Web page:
# What are Time Series Discords?

## What are Time Series Discords？¶

Time series discords have become one of the most effective and competitive methods in anomaly detection. First proposed by Keogh et al. [1], time series discords refer to the most unusual time series subsequences: those which are maximally different from all other subsequences in the same time series. The primary use of time series discords is to detect anomalies in a long time series.

#### Time Series Discord and K-th Time series Discord¶

Since the time series discord and the k-th time series discord have different definitions, it is necessary to keep these two concepts distinct.

In a narrow sense, a time series discord is a subsequence that is most dissimilar to its nearest neighbor, also known as the most significant discord (defined in [2]). We can easily spot the most significant discord from a Matrix Profile: the higher the Matrix Profile value, the greater the dissimilarity between the corresponding subsequence and its nearest neighbor, so the maximum value within a Matrix Profile indicates the time series discord (or the most significant discord).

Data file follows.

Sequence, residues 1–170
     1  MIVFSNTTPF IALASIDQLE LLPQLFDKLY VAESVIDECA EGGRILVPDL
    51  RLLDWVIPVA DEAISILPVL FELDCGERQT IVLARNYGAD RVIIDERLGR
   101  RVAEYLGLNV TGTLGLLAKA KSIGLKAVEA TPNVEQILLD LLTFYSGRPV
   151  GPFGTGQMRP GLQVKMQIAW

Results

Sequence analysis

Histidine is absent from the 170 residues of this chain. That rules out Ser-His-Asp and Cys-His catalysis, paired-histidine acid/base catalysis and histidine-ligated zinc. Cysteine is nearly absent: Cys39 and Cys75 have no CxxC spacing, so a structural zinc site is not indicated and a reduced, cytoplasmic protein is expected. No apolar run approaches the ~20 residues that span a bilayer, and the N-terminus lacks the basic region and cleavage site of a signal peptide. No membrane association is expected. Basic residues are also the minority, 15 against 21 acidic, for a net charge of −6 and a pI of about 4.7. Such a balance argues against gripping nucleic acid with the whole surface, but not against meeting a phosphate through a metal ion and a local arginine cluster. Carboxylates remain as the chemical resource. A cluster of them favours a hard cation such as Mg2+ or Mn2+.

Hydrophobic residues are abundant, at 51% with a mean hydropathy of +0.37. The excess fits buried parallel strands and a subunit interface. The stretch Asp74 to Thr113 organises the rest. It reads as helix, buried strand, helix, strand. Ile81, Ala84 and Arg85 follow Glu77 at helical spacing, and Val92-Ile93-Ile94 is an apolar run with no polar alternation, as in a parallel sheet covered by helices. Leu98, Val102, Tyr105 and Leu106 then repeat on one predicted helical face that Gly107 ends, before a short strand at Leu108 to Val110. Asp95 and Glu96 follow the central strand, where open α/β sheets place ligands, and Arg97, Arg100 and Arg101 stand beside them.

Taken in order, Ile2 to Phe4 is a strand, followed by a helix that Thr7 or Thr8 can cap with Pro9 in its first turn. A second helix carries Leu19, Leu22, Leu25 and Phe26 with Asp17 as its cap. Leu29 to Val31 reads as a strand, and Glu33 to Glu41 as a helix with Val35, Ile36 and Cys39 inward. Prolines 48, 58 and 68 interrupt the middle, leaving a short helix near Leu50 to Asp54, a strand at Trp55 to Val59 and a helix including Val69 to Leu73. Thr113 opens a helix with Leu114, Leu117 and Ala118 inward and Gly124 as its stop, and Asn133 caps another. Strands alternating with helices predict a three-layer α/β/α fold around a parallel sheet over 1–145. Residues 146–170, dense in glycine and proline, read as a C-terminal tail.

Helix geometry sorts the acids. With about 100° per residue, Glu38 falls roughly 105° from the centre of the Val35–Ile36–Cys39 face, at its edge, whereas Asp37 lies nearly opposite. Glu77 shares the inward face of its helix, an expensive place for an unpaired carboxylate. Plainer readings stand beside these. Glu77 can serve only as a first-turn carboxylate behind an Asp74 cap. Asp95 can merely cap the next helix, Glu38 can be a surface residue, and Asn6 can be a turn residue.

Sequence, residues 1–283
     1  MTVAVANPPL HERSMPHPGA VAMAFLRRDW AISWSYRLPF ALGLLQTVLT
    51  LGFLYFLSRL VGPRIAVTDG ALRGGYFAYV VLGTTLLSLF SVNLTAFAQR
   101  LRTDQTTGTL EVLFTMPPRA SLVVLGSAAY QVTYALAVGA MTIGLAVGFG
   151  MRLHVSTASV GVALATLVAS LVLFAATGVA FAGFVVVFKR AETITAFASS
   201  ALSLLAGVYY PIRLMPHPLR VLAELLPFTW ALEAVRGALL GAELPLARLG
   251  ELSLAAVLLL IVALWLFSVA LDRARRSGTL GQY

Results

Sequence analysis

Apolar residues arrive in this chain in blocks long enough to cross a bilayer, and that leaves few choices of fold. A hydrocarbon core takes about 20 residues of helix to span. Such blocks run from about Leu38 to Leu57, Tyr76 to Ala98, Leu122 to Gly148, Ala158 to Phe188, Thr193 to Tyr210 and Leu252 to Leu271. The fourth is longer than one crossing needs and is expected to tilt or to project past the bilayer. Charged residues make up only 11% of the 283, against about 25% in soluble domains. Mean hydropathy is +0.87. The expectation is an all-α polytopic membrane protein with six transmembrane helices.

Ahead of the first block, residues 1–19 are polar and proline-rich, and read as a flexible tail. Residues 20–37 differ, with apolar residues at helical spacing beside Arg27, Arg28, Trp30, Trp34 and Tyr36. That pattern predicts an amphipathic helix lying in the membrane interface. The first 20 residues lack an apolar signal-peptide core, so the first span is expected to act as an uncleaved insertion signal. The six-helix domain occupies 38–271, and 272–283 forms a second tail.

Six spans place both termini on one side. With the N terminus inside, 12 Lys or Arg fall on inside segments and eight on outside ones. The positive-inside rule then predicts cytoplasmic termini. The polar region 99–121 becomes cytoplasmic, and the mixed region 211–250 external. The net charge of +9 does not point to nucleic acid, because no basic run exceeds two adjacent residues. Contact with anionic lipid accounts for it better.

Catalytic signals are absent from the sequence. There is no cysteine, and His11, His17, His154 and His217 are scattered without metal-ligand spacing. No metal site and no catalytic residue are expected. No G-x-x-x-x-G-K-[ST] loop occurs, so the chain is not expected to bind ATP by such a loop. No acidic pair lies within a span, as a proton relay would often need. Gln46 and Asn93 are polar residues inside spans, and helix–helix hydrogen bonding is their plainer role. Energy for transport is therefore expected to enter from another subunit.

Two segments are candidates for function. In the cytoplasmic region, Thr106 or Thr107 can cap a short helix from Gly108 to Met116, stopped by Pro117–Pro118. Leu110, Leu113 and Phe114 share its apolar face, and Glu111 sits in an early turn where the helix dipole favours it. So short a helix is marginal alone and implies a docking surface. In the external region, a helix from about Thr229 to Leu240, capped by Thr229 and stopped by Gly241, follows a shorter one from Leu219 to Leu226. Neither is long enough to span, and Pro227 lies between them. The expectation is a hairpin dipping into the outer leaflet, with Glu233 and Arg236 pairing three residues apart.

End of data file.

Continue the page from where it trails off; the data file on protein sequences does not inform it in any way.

The definition of time series discord also leads us to the discussion of the k-th time series discord. If we utilize a distance measure to quantify the dissimilarity between a time series subsequence and its nearest neighbor, the k-th time series discord is a time series subsequence with the k-th furthest distance from its nearest neighbor. You can imagine that to find the k-th discord, you first need to calculate distances between all subsequences and their nearest neighbors, then sort these distances from large to small, and finally select the subsequences with the k-th largest distance. This blog post provides you with a good intuitive example of top-k discord. In the next section, we will also illustrate the concept of the k-th discord with more specific examples.

## How to Find Time Series Discords Using MPA?¶

In this section, we will demonstrate how to use the Matrix Profile API to mine time series discords and detect multi-scale anomalies in our sample dataset.

### Dataset Overview¶

The sample dataset for this tutorial is taken and modified from the Italian power demand dataset in [3], representing the hourly electrical power demand in an Italian city for a total of 42 days (1,008 hours) from 02-23-1997 to 04-05-1997. This is a very interesting dataset, because it contains both a synthetic anomaly, as well as a natural change from winter regime to summer regime at the end.

The figure above shows how we created a visually obvious anomaly. The blue represents the original data, and the green represents the data after an anomaly was introduced. Between 03-18-1997 and 03-19-1997, an anomaly is created by replacing a small fraction of original data (spaning 19 hours) with a constant region.

It's obvious that there are other anomalies in the sample dataset in addition to the synthetic anomaly. We will cover these in more detail in the Visualize Data section.

### Analyze Sample Dataset with MPA¶

We'll start by finding out the synthetic anomaly using the Matrix Profile API.

#### Import Library and Load Data¶

In [3]:
import matrixprofile as mp
import numpy as np